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How will we get that general knowledge about the conduct of our rulers?

"Liberty cannot be preserved without a general knowledge among the people, who have … a right, an indisputable, unalienable, indefeasible, divine right to that most dreaded and envied kind of knowledge, I mean the characters and conduct of their rulers."
John Adams, 2nd U.S. president

Can liberty be preserved when the people spend their waking hours tweeting, texting, instant messaging and otherwise engaged in trivial pursuit? Individuals going off on tangents, fewer and fewer focused on the commonalities that once made Americans a like-minded or at least like-knowing nation with principles and values in common. We all watched the same TV shows, read the same newspapers, listened to the same music.

Blogger-theorist-author-consultant Clay Shirky makes some observations about how changes are taking place.

Clay Shirky
Clay Shirky

Once, the publisher assembled the public to the newspaper’s front page. One the Web, however, many never see the front page. They go directly to something of interest generated by a search engine or a friend’s recommendation. It can be anywhere in the paper or anywhere in the world.

“Online, it is the relevant networked publics, not the editorial board, who determine much of what gets read,” Shirky notes.

“The logic of the Internet, a medium that is natively good at helping groups communicate at vanishingly low cost, is that the act of forming a public has become something the public is increasingly doing for itself, rather than needing to wait for a publication (note the root) to do it for them. More publics will form, they will be smaller, shorter-lived, and less geographically contiguous, and they will overlap more than the previous era’s larger, more rooted, more stable publics.”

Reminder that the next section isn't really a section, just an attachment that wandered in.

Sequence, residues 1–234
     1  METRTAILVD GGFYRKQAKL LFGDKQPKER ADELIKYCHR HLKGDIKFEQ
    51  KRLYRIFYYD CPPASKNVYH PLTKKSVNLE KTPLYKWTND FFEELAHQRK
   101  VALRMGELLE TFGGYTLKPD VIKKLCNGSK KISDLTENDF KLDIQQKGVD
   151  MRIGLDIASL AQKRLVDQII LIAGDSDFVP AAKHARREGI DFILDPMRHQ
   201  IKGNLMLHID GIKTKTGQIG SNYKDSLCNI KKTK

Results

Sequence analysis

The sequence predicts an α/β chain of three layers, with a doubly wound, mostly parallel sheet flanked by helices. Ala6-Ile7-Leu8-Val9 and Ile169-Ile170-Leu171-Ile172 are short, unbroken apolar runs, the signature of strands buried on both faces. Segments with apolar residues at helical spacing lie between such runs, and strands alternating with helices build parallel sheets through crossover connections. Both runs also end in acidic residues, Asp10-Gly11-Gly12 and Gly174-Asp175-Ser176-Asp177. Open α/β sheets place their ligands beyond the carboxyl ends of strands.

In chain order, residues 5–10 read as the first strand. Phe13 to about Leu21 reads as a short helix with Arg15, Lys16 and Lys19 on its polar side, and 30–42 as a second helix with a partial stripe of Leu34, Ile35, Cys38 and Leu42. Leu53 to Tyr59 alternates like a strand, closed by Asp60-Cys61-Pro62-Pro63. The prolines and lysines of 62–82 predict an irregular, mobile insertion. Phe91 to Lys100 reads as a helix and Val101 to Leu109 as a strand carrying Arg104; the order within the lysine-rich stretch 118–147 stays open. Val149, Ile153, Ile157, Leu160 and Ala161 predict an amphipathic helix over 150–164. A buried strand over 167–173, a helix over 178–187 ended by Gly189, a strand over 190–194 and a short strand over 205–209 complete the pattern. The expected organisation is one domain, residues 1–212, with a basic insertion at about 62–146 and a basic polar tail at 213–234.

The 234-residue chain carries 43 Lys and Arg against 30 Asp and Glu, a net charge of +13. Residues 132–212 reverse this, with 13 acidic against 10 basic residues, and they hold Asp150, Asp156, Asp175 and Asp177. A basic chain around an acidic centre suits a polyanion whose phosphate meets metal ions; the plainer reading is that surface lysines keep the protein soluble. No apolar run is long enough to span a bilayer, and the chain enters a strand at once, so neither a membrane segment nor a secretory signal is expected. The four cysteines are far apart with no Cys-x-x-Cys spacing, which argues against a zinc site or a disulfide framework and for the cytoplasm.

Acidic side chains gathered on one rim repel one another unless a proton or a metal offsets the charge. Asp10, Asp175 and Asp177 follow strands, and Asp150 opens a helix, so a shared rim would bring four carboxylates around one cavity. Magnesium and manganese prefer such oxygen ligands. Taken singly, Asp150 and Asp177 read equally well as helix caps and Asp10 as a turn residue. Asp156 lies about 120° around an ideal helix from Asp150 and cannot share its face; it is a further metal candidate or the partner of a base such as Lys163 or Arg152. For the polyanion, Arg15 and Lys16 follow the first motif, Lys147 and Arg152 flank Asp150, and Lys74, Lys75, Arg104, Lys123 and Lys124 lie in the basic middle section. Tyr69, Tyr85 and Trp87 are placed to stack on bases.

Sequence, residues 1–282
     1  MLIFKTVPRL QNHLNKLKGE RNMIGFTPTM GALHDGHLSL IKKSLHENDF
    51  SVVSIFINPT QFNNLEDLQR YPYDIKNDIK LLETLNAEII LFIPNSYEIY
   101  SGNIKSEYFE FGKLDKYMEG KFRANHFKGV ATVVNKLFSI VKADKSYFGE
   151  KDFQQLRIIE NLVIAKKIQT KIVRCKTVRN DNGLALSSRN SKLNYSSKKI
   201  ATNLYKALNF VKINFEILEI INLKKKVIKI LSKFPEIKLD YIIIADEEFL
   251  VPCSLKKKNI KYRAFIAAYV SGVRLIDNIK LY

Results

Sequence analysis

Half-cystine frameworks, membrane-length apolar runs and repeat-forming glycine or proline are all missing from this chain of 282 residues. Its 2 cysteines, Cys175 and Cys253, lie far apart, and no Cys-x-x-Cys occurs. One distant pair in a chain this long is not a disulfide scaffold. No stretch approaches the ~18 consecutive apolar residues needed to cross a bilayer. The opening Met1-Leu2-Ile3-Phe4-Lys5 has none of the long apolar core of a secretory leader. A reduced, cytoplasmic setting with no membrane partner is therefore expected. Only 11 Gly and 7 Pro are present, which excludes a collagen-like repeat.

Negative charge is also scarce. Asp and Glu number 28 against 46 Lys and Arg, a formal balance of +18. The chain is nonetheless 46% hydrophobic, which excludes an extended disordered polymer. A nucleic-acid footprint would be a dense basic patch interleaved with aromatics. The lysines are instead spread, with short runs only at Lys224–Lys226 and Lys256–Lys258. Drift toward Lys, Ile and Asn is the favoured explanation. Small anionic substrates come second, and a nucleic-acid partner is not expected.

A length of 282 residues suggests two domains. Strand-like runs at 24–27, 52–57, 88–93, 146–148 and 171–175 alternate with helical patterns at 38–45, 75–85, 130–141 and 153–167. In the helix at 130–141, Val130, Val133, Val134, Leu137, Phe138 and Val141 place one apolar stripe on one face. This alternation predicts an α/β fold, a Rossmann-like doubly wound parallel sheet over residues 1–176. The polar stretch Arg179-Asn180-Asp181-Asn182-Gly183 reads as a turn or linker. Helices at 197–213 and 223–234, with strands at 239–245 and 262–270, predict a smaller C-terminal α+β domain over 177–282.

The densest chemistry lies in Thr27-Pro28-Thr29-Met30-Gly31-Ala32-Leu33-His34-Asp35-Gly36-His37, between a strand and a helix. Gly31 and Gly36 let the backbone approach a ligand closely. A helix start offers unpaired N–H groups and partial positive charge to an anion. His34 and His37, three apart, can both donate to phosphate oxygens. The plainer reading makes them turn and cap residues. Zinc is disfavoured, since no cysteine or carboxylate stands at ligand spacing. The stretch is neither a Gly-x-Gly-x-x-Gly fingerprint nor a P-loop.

This also, he says, affects the subsidies that support the expense of generating news and the ways and by whom it will be generated. He points out the cell phone photos from the London underground bombings as an example. He might’ve noted the tweets from the Iran riots.

“Like driving, journalism is not a profession — no degree or certification is required to practice it, and training often comes after hiring — and it is increasingly being transformed into an activity, open to all, sometimes done well, sometimes badly, but at a volume that simply cannot be supported by a small group of full-time workers,” Shirky says.

He says it is not an upgrade, but an upheaval.

We’ll see what shakes out.

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